Mutations have always appeared when the prevailing consciousness structure proved to be no longer adequate for mastering the world. This was the case in the last historically accessible mutation which occurred around 500 BC and led from the mythical to the mental structure. The psychistic, deficient mythical climate of that time presented a threat, and the sudden onset of the mental structure brought about a decisive transformation. In our day the rationalistic, deficient mental structure presents an equal threat, and the breakthrough into the integral will also bring about a new and decisive mutation.
And the thing is, Collective Presencing is simultaneously so ambitious, yet so humble. We can talk about this transformation of consciousness with the ambition of its very Yang counterparts, for example, the Metamodernism or Game B communities. But what I love about Collective Presencing is that it is radically simple: what is being asked of us is “full participation into life”, or as my Daoist ancestors describe: “let reality be reality. Let things flow naturally forward in whatever way they like.”
When we step in alignment with our soul’s calling, we can act, and create with the flow. Actively living into the emergent moment is as much an act of surrender as much as it is a leap. You trust yourself, with the utmost humility to become what Bonnitta Roy describes as “the first mover” in the churning currents of change.
Becoming First Mover
It no longer feels selfish for me to slow down in these times of urgency (as Bayo Akomolafe would describe: Slowing down is not a function of speed, it’s a function of awareness): to meditate, to move my body, be openly curious without seeking to know, to go to therapy, to be moved by music (A change is gonna come – Sam Cooke), to laugh and cry, journal and draw, dance and make art. Ria read the following quote three times during one of our sessions, and I could read it every day, again and again:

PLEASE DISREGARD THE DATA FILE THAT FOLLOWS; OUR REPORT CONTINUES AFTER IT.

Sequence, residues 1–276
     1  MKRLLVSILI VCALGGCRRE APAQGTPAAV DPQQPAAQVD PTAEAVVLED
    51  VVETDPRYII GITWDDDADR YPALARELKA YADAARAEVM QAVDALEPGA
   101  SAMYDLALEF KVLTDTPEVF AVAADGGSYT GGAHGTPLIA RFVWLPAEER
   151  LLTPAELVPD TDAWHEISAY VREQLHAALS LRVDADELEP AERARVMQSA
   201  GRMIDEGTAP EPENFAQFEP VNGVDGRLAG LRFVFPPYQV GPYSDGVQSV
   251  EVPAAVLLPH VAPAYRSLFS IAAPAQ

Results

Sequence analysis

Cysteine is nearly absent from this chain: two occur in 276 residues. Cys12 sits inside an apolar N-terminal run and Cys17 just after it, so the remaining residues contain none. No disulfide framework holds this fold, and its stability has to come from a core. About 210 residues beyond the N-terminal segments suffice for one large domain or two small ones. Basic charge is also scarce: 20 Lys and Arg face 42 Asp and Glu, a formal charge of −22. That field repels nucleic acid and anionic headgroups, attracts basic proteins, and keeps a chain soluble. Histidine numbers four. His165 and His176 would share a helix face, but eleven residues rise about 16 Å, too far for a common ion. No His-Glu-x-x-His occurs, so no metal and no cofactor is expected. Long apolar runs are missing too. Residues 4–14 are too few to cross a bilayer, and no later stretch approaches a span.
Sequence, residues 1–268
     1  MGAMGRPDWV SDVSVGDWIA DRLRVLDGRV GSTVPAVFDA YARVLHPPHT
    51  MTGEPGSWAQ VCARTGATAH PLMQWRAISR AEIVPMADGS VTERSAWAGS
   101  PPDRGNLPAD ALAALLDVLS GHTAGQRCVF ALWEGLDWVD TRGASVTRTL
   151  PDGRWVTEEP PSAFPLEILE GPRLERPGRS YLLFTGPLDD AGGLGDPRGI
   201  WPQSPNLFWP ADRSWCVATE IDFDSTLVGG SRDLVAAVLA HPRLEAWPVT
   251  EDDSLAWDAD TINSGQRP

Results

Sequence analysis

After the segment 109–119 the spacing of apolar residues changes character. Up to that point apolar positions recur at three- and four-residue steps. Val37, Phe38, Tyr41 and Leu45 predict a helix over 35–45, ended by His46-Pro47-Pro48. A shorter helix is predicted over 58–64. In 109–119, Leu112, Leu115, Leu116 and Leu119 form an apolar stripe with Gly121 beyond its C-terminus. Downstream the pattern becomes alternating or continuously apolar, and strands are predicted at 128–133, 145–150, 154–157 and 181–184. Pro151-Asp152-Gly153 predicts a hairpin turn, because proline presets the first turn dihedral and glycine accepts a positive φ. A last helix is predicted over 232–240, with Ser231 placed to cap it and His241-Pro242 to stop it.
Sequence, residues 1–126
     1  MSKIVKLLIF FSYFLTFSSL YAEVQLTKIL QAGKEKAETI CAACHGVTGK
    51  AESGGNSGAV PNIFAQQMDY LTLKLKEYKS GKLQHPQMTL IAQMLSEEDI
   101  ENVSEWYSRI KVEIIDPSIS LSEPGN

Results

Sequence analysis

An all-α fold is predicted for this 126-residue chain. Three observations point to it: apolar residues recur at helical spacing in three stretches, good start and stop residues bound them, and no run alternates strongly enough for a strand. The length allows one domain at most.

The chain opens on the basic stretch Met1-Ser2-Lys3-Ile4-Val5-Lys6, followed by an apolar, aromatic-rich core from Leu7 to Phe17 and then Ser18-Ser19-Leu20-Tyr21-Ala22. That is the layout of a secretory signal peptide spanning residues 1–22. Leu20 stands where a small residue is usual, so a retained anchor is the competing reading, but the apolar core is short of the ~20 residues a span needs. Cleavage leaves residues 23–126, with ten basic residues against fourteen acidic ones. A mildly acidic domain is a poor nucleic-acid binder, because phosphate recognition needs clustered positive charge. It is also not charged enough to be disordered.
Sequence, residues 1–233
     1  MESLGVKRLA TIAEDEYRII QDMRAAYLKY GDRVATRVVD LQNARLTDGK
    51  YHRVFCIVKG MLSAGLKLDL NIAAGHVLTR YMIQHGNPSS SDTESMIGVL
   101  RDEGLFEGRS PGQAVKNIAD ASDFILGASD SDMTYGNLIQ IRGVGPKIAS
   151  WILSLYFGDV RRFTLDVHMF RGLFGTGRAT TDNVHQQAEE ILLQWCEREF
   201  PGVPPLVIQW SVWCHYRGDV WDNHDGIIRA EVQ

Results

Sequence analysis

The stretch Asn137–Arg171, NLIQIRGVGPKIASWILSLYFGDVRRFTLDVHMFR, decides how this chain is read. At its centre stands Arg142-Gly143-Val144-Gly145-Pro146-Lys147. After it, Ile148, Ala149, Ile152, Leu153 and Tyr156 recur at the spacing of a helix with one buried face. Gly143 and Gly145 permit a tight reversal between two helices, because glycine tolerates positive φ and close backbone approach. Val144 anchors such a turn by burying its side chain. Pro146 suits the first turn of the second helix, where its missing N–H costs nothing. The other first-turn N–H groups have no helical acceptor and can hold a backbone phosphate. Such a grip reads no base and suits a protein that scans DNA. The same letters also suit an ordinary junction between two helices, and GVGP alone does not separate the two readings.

We can have the highest degree of authentic self-esteem just by being completely ordinary and average. Then we say to ourselves as to our beloved: That you are, is enough. What you are is a gift. How you are is a delight. Who you are is a ‘a mystery’.
— Yasuhiko Genku Kimura
I am a mystery. I am a constellation of relationships. I dance with others on groundless ground. I break old patterns and birth new ones. I am a shaman summoning the sacred, and a shapeshifting Loki poking fun at it at the same time. I choose to make meaning in the void, and trust that the universe is conspiring to help me.
This is the visceral, bleeding edge of where I want to practice as a designer and as a facilitator. I want to hold container spaces where we can feel brave enough to step up to the edge of the event horizon, take a discerning leap away from the safety of the known, and unleash the cascading potential of infinite possibility. This is a life’s learning journey, and I am a young student learning through an ecology of different spaces and practices:
Currently, one of my most cherished spaces is the collective midwifing of the Spiritual Innovation Sangha, a circle of four friends and “designers” (Peter, Zaid and Natalija) who are drawn to the role of the sacred and the divine in how we intentionally co-create worlds together. I want to share the breakthrough moment of how it started, and how it continues to unfold in endlessly surprising ways.
The Sangha was catalyzed through a thread that I posted on twitter where I described the desire to: “move “down to earth” (in Latour’s terms), sinking into embodied ways of knowing, into deep and slow time, of exploring my calling as a designer and human” where “the world I want to create requires a leap of faith with every breath. A leap where how i choose to be in the world — guided by a compass that foregrounds care and interconnectedness across generations and species — might resonate with others.”
I wrote this twitter thread on the morning of August 17, 2020, typing it all out on a picnic blanket in a park with no forethought or pre-planning, following the sudden rush of inspiration. For me, it was the beginning of paying attention to my “soul’s calling”, a voice that compels me to shed scripts and performative identity, and to source honestly and authentically from deep potential.
That day, I became a first mover, and I’ve been moving and shaking ever since.